Monday, September 14, 2009
Last week I lost my watch. That is to say, I misplaced it, and I couldn't find it for several days. This was disturbing on several levels because I rarely misplace anything. Everyone in the house was on alert to keep his eyes open, just in case, but even with intentional searching, the watch could not be found. I remembered wearing it to class on Friday. In fact, my teacher had taken pictures of each lab group and posted them on the class website to help us learn each other's names, and I saw in the picture that I was, indeed, wearing my watch that day. Then, I had a vague memory of taking it off and setting it someplace. I have this memory because I remember thinking something like, "Now don't forget you're putting your watch here, because it isn't where you usually put it."
And yet, here I was, having forgotten, but remembering that I had told myself to remember. I couldn't quite link the memories together. I have about three places that I might set my watch. On my dresser, on the counter above the kitchen sink, or on the piano. A watch is like a pair of shoes to me. When I want them on, I really want them on, but as soon as I'm done doing what I need to do, I want them off. When I leave, I put my watch on. When I come home, I want an unencumbered wrist, and I take it off. But the places I am prone to set it, were bare.
I will interrupt my story here to tell you a story from my past.
I, as you know, am the oldest of nine children. I was the only one, for most of the time we were all at home together, to have my own room, tiny hideaway that it was. In the eyes of my younger siblings, my room was filled with treasures and things to be played with-explored-used-broken-messed up-stolen-borrowed-or otherwise manhandled.
I would lock my door.
The kids would shake it back and forth until they could pull the lock from the wooden doorframe.
They would mess up.
I would clean up.
And yell. A lot.
I felt so violated and so unprotected, even though I tried desperately to do my part to earn my way and support most of my own needs, teenage girl wise. (You know how the list of teenage girl needs can be.)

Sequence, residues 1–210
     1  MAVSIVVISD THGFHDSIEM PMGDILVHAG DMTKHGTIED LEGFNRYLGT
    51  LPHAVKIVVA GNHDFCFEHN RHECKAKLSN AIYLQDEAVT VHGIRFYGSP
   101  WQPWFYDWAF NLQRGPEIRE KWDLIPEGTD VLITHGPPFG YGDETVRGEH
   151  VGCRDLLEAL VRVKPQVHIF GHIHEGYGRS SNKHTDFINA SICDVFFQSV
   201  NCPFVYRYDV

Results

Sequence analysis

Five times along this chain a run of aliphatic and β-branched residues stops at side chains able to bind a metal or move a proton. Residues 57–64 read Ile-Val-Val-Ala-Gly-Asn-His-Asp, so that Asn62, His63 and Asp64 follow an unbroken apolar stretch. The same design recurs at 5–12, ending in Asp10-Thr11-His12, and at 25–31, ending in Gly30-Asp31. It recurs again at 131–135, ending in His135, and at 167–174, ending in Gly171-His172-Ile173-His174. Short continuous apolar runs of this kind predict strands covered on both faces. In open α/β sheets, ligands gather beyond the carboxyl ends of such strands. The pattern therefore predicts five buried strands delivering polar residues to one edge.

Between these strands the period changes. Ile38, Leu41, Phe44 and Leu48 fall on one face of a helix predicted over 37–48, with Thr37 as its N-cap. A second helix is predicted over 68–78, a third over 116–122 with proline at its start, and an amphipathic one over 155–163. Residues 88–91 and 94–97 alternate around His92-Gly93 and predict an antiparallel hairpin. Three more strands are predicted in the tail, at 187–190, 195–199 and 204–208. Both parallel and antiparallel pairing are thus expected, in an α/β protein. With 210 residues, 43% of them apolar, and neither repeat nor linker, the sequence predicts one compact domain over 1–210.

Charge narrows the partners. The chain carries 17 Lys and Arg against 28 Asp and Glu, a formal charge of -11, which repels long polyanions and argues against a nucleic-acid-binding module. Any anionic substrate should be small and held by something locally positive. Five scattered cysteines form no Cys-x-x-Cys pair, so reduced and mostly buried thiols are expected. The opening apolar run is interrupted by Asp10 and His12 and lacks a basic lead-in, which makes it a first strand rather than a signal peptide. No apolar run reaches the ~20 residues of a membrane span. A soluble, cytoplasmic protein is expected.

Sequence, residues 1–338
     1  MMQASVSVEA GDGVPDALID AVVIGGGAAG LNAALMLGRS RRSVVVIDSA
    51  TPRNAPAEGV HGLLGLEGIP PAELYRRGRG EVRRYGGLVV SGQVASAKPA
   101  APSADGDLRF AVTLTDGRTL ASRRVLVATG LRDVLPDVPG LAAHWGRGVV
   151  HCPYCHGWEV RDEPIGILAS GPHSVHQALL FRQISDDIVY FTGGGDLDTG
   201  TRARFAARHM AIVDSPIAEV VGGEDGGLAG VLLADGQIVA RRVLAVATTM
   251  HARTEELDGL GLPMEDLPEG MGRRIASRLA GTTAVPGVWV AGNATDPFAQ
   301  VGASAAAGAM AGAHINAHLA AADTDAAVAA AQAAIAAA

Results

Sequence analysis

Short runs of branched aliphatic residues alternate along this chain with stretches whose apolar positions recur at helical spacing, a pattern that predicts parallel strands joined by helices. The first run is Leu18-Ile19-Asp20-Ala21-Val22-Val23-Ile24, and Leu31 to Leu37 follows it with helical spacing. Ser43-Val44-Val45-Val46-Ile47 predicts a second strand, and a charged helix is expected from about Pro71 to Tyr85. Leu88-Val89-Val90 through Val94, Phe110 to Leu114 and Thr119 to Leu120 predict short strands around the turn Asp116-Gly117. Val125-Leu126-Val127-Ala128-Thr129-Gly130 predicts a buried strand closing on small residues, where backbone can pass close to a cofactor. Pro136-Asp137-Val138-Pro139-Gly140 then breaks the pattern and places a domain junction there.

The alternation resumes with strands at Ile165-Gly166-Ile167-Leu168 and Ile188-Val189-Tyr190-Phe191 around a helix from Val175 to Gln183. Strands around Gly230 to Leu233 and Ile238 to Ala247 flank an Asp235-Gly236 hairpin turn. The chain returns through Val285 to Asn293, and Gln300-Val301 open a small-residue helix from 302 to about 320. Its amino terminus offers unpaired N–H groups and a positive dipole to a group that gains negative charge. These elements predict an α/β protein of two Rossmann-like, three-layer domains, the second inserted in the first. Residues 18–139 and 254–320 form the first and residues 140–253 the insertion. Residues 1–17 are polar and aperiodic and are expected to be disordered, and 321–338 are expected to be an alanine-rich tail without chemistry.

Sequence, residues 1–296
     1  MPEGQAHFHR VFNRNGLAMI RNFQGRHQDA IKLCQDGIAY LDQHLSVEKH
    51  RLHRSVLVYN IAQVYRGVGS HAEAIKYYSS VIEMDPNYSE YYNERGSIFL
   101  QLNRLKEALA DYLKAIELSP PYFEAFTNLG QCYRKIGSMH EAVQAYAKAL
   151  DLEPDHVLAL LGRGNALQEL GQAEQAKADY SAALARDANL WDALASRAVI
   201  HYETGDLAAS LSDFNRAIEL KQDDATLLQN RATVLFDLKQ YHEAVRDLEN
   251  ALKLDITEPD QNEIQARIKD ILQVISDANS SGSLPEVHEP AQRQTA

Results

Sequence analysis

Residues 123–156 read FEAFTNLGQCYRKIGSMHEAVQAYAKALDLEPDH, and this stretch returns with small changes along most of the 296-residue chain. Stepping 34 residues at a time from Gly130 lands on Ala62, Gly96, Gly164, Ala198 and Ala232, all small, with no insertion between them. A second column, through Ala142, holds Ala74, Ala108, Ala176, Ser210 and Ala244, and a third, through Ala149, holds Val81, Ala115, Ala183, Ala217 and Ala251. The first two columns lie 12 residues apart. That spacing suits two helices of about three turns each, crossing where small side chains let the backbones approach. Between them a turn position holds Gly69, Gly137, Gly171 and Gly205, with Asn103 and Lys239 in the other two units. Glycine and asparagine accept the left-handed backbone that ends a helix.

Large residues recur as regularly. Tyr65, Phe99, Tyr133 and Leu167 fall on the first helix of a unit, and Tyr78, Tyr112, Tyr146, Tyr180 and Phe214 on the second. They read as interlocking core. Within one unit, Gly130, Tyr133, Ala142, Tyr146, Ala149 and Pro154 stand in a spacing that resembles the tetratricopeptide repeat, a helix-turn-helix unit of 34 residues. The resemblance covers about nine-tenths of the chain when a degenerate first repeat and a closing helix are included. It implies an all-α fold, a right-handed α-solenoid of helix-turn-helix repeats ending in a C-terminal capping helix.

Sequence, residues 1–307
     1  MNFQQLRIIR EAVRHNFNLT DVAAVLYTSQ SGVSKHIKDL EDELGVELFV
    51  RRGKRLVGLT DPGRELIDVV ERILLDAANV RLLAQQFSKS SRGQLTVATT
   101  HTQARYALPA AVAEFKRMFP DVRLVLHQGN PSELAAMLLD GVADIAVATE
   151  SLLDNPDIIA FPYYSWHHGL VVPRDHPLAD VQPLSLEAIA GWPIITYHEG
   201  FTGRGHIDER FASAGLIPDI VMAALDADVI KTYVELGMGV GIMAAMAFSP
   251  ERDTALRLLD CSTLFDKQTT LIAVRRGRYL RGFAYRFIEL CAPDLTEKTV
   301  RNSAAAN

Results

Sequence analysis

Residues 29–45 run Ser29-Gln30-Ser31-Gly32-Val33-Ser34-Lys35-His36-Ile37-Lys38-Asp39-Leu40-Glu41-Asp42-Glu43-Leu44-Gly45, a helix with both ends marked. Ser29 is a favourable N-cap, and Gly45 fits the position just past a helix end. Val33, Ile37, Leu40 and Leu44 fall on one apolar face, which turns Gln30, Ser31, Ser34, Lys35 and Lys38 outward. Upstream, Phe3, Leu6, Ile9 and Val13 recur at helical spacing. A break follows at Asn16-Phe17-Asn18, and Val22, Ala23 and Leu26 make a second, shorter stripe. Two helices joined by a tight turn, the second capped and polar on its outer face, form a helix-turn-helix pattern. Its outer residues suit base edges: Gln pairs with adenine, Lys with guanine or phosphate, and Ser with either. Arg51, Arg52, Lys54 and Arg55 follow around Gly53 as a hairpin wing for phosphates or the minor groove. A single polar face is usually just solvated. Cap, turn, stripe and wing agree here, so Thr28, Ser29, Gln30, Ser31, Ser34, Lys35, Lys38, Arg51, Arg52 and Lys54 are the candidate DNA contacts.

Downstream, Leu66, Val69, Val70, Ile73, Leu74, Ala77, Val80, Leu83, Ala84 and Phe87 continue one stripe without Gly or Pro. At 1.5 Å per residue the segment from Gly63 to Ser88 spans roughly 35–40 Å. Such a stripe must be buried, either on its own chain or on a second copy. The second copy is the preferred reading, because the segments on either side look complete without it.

Being the oldest in such a large and necessarily chaotic family, I had an instinctual need (I guess) to try to control my own environment to the best of my ability. This is a nice way of saying that I was anally organized. I had everything labeled, everything filed, everything sorted, and everything planned and scheduled.
Well, once I lost $20. I knew I had earned the money and hadn't spent it. I knew I had placed it somewhere for safekeeping, and I remembered telling myself to remember where I was putting it. But even with that memory, I couldn't remember where exactly the keeping-safe place was. It seemed I searched for days with no luck.
One day it turned up unexpectedly, when I was going through my rolodex-type file, looking up something else. There, under H for HIDDEN, was my $20.
My mother got a good laugh. That, I distinctly remember.
And so, now I return to the search for the missing watch. I was bugged. I mean, I only own one watch, so it wasn't like I could just slap on another one. But more than that, I was bugged that I couldn't find something that I remembered telling myself not to forget. And so, just a few days ago, while deciding to wear a different necklace, I opened my jewelry box, and, you guessed it:
There was my watch.
What a kick in the pants. It was actually put away, where it was supposed to be, ideally, but where I never put it. I so never put it there, that it never occurred to me to even look there in all my searching. The link in my memory was complete. Silly girl.
I suppose the moral to this story has two variations, and you can choose the one that best fits you.
A) Always look where things should be, first, because they just might actually be there.
B) Don't put things where they go, because you know that's the last place you're going to look.